Curator: Marat Guelman
International audiences are acquainted with contemporary Russian art only through a handful of traveling exhibitions, which have presented to the West art saturated with literature and passive protest, full of a peculiar sense of irony and critical pathos towards official institutions.
At the same time, the palette of Russian art is much more varied, colorful, and substantial. Experts familiar with the situation within the country see as incontrovertible the world-class professionalism of such prominent Russian artists as Valery Koshlyakov, Nikolay Polissky, Alexander Brodsky, Dmitry Gutov, Olga and Alexander Florensky, Vladimir Arkhipov, Anatoly Osmolovsky.
The exhibition Russian Povera forges a fundamentally new look at contemporary Russian art. The project presents Russian artists’ search in the sphere of materials and formal concerns. Marat Guelman, the curator of the project, formulated the show’s conceptual framework this way after encountering at the Perm Art Gallery a collection of wooden sculpture remarkable for its expressivity and simplicity of execution.
The show, which started its run in Perm, proved wrong those trying to force a false choice upon us: either contemporary or Russian. The exhibition shows Russian art as serious work with social and national identity – and, simultaneously, as a timely artistic quest. “Russian Povera” is a way of existence for contemporary art in Russia, an art that is authentic, deep, and substantive, characterized by the presence of form, a dialogue with art history, and social responsibility.
The name of the exhibition refers us back to the Italian arte povera. While one cannot say that works made from “poor” materials were created only in Italy and Russia, it is in these two countries that “poor art” has an ideological basis.
When the Italian arte povera artists, such as Jannis Kounellis and Mario Merz, brought into the exhibition space a pile of rocks or the remnants of an old boat, their goal was to encounter reality face to face, one on one. And this reality – rocks, old sacks, soot – eliminated all connotations, revealed nothing but itself, and became art. Russian artists, on the other hand, in using non-artistic materials did not reject beauty; quite the contrary, they aspired to it, aspired to create and express it in “poor” physical form. One can think back to Italian motifs in Valery Koshlyakov’s work, images from the 60s found in Dmitry Gutov, Nikolay Polissky’s monumentality, which harkens to both nature and architecture, or the refined objects created by Olga and Alexander Florensky. Alexander Brodsky’s early works made of unfired clay owed much to the fact that there were no large kilns in Russia; Koshlyakov began to paint on cardboard because he did not have money for canvas. Thus did the circumstances of Russian life become the founding principle of the worldview found in “poor” Russian art.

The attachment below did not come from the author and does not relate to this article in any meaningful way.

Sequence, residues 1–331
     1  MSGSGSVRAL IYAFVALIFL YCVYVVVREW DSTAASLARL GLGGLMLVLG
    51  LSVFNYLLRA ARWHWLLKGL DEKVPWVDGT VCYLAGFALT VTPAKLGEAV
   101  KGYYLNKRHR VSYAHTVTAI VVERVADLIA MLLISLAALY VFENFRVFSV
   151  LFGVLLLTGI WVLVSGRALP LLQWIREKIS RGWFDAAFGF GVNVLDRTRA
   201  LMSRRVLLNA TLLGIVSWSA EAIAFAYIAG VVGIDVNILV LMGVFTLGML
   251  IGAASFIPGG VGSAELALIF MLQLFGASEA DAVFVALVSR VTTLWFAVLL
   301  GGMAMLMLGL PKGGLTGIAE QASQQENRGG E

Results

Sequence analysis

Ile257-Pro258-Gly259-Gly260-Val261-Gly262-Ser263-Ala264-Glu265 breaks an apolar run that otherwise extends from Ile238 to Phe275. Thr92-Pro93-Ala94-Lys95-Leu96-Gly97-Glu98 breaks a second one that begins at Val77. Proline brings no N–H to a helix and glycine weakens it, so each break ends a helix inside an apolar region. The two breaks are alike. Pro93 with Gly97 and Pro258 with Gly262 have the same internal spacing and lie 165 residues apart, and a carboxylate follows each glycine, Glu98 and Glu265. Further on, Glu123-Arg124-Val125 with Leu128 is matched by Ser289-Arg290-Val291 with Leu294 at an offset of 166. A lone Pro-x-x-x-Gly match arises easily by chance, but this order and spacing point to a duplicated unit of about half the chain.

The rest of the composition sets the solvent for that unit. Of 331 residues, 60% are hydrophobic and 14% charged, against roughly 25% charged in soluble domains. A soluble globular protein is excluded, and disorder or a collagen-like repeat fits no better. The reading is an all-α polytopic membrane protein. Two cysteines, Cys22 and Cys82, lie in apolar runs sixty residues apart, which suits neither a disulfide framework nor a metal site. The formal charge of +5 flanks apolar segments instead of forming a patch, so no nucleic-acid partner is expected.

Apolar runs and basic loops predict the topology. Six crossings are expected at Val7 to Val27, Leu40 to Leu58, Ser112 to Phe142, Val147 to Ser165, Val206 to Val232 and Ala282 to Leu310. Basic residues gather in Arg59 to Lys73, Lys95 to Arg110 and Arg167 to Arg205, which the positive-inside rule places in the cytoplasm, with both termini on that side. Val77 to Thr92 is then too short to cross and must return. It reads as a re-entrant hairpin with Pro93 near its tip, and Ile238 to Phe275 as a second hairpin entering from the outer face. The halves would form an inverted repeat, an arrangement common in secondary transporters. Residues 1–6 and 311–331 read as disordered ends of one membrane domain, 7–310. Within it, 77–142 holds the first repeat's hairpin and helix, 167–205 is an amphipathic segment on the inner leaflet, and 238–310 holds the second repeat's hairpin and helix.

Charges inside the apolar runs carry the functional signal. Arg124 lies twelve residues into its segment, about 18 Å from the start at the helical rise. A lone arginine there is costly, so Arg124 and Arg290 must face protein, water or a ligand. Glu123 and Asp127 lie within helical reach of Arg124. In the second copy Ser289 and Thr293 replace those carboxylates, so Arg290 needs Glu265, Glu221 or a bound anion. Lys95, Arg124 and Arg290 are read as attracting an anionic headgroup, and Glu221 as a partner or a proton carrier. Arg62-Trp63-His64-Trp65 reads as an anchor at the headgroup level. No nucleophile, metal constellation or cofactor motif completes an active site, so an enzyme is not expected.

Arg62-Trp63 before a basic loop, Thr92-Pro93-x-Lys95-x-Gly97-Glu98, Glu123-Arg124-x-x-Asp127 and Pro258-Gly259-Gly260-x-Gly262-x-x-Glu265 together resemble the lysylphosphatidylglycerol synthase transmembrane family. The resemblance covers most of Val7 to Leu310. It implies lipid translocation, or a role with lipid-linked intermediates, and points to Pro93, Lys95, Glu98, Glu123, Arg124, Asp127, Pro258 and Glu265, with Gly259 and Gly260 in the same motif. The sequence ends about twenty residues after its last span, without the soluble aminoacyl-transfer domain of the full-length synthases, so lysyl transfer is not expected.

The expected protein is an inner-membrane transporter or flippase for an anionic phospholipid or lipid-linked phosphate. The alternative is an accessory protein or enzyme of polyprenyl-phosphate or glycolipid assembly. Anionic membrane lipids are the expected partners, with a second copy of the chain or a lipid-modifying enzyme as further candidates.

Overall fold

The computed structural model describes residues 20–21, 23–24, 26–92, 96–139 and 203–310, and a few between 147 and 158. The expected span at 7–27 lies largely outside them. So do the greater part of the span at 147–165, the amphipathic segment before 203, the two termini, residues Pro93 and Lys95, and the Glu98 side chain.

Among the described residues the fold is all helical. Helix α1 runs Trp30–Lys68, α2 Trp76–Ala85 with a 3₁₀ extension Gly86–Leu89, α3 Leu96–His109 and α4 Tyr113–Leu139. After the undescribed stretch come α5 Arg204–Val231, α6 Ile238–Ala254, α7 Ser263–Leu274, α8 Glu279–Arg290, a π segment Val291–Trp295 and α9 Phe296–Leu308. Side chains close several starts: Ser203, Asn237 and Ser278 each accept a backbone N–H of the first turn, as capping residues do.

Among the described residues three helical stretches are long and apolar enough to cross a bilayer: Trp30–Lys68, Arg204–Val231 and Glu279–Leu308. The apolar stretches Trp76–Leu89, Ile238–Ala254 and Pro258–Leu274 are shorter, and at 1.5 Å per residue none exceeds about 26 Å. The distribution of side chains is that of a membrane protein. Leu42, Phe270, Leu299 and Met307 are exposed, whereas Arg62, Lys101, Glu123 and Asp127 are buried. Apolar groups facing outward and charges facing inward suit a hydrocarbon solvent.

An artist takes things and materials of no worth and creates out of them something valuable, even precious. “Russian povera” is a process of creating beauty out of nothing.
The Perm exhibition, which started off the show’s world tour, will change the way in which contemporary Russian art is understood, will present this art in all of its richness, and will play an important role in the lives of Russian artists. Coming from the very depths of Russia, from the Ural mountains, a new look at Russian art will be offered to the international community.
Works presented by the most famous artists – a variety of objects, installations, assemblages, refined paintings and drawings, and pieces executed in new media unfamiliar to the Perm viewer – will guarantee the audience’s great interest in new forms of art.
Russian artists are obsessed with metaphor, native soil, and existential questions. They have many a story to tell; their viewers will have much to see and feel.
Translation: Ksenya Gurshtein